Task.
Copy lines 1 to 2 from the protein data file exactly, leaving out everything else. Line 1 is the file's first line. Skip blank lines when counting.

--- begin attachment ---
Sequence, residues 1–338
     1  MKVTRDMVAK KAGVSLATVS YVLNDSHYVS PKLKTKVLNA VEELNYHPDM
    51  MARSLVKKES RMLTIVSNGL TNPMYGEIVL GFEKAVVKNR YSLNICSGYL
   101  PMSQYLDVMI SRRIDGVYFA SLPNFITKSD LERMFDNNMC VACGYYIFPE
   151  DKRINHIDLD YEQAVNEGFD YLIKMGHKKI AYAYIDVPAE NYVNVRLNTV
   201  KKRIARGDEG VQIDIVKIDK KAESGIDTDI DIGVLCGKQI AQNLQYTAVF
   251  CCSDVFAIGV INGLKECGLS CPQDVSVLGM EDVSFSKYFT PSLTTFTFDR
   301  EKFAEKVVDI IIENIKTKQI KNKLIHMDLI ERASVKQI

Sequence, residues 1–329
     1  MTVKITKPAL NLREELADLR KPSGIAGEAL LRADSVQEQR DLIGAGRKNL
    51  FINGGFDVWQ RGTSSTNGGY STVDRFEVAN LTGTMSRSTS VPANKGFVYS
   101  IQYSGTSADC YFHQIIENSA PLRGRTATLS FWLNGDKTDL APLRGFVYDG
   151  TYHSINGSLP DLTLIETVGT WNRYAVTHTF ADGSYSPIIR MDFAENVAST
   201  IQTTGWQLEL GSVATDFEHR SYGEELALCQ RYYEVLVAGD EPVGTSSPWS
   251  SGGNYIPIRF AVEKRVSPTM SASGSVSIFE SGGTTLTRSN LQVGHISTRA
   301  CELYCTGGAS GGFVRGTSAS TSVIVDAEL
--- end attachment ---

Sequence, residues 1–338
     1  MKVTRDMVAK KAGVSLATVS YVLNDSHYVS PKLKTKVLNA VEELNYHPDM